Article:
Summer College Prep Checklist for Rising Sophomores and Juniors
Updated: Jun 13
READ. Read five books. Read five books that are NOT required for school. Read about history, or math, or culture, or something you don’t know about. Read a classic, a true crime novel, or a light summer romance. It doesn’t have to be a 1,000 page tome that will put you to sleep. Just read.
Do your summer homework. You know it’s there – you might as well get it done early. ‘Nuff said.
Explore. What problems do you want to solve in the world? What interests you? Your college search will be guided by these questions (among many). Can you shadow a doctor for a day? Work in an office? Watch your friend’s mom’s closing arguments? Volunteer for a cause that interests you (more on this in a moment)? Hang out at a museum for an afternoon? Take public transit somewhere? What can you do this summer that will help you think about your future career path? You don’t have to choose one now, but take this opportunity to start thinking about it!
Think about test prep. It's true, we live in a test optional world. But the pivotal word is "optional." Prepare to now to give yourself the option to decide whether to submit your test score when you apply to colleges. Even if you’re just starting 10th grade, you still have an SAT or ACT in your future! It may not be immediate, but you can still set up a Khan Academy account or check out a test prep study guide from the library. If you aren’t sure when you should take the SAT or ACT, check out this post.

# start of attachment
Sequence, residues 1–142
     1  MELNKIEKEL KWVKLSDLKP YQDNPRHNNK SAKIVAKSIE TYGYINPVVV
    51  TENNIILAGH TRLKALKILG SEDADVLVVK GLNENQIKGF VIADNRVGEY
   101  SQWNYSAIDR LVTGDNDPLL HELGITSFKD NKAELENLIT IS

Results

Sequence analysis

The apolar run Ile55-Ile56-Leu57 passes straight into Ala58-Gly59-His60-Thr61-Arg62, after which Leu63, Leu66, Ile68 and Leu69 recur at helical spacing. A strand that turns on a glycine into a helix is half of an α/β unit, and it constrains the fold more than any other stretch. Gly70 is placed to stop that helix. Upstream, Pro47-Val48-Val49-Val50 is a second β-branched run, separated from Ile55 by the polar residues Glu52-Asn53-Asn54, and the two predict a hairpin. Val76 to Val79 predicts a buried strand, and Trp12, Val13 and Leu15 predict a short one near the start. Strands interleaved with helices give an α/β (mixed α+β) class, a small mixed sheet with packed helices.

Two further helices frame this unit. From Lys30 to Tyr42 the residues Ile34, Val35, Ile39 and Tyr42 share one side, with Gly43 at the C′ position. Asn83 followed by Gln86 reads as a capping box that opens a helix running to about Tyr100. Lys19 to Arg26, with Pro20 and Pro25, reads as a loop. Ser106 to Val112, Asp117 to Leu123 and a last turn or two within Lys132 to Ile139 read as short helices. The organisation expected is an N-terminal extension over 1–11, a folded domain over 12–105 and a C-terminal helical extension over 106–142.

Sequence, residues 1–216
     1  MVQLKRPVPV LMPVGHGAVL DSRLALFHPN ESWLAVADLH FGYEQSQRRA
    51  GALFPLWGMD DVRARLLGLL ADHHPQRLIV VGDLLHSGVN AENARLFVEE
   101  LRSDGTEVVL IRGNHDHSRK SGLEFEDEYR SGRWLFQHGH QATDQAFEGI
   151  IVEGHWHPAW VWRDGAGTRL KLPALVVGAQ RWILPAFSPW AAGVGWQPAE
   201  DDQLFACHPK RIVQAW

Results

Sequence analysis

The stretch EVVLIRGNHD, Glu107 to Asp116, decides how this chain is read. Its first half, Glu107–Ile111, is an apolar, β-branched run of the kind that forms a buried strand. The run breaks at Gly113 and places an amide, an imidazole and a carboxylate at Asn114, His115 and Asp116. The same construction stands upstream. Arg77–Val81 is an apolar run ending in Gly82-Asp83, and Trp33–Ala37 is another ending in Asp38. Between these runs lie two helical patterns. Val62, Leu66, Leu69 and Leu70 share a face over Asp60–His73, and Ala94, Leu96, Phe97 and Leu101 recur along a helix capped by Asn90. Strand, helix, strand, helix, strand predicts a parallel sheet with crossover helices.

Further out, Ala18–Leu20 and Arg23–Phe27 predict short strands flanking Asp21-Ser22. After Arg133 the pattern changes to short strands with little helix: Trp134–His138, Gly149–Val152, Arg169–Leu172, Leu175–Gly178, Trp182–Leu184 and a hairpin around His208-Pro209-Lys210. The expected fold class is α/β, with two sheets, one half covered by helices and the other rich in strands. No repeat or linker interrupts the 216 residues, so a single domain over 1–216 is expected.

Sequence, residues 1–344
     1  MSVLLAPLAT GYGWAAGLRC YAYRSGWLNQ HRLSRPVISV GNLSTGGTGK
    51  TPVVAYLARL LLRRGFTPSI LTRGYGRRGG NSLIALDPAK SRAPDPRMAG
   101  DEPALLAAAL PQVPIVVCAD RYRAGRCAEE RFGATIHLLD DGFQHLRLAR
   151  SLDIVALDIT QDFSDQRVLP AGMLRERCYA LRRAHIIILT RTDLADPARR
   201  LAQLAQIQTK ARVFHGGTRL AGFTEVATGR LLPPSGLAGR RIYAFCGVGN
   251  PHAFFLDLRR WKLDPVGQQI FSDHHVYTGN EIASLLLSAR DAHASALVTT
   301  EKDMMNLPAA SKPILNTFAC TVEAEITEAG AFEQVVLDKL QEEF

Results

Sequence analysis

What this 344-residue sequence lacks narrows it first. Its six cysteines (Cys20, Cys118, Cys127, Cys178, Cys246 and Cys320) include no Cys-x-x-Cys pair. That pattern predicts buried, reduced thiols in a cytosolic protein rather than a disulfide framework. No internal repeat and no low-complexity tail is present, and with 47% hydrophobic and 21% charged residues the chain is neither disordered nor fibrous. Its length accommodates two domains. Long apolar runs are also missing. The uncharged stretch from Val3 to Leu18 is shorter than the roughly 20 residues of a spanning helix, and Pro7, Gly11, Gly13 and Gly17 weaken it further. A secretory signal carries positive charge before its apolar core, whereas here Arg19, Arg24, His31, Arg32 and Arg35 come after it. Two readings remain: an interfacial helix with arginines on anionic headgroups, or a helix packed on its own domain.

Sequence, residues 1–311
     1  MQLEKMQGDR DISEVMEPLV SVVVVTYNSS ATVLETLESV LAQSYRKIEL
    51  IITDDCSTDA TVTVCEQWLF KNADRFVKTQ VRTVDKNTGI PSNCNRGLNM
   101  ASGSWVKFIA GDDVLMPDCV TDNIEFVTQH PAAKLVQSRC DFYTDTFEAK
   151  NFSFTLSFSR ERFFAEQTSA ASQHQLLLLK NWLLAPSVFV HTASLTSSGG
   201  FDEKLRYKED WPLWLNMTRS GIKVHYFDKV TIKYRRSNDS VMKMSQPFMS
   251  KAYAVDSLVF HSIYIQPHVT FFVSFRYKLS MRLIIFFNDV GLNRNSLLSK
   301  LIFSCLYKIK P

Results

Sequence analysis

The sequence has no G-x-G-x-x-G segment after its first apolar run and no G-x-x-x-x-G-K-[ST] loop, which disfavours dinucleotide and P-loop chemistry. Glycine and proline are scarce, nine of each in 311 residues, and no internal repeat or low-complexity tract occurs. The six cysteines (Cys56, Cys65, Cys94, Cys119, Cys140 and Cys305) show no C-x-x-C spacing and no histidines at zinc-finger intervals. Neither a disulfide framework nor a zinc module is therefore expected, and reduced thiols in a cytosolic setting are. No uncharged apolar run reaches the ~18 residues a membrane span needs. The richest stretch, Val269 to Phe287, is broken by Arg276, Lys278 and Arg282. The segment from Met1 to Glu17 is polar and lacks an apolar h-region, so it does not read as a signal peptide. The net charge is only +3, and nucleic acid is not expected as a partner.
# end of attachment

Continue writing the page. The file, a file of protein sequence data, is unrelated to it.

Pro Tip. One of the best ways to prepare for standardized tests is to read. Start with these suggestions or this curated list of recommended ACT and SAT summer reads to get you started.
See who needs your help. Many students do one or two-week service projects in beautiful, exotic locations. That’s nice, but no matter where you live, there are probably volunteer opportunities to help people in need right in your own community. Colleges look kindly on students who look outside their “bubble” and use their time and talents on a regular basis to help others. This summer, find a local organization where you can volunteer once or twice a week. You may find that you learn more from staying closer to home!
Pay some attention to your mental health. We know high school is really stressful, and the college search and application process seems to add even more stress. So before you launch headlong into it, take some time to do what you like. Schedule some time each day, or each week, away from social media and just do something enjoyable.
This post was originally posted at Magellan College Counseling